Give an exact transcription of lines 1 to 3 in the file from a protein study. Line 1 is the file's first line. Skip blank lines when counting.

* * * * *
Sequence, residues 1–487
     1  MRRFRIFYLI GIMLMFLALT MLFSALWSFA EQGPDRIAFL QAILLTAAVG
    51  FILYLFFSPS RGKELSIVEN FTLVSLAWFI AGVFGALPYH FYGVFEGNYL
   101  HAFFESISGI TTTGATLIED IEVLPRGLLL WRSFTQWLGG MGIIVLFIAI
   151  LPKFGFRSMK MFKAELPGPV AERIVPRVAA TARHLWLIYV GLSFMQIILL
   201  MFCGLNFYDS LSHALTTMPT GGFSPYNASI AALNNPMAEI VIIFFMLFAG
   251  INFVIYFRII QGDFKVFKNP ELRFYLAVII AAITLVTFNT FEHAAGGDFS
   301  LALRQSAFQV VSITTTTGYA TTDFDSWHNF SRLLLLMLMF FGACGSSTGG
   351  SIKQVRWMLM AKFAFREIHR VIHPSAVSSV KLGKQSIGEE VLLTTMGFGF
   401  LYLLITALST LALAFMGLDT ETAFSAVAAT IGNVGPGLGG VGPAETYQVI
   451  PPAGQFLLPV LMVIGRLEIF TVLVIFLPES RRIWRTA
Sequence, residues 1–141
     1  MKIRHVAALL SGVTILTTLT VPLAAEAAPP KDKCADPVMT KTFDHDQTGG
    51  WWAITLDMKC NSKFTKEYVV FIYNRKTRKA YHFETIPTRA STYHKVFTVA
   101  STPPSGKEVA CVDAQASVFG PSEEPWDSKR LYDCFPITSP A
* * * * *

Sequence, residues 1–487
     1  MRRFRIFYLI GIMLMFLALT MLFSALWSFA EQGPDRIAFL QAILLTAAVG
    51  FILYLFFSPS RGKELSIVEN FTLVSLAWFI AGVFGALPYH FYGVFEGNYL